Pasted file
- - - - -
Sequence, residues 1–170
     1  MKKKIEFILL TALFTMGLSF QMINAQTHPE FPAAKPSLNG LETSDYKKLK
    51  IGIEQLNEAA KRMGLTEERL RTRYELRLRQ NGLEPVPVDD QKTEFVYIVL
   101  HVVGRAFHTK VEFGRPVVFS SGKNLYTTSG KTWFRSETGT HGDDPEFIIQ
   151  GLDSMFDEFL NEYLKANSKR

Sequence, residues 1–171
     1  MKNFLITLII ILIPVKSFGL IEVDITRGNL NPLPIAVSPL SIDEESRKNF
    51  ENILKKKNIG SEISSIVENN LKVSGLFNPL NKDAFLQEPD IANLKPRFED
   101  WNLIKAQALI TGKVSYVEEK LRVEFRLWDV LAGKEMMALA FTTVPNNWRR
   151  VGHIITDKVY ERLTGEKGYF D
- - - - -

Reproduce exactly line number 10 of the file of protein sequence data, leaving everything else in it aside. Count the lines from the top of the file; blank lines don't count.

   151  VGHIITDKVY ERLTGEKGYF D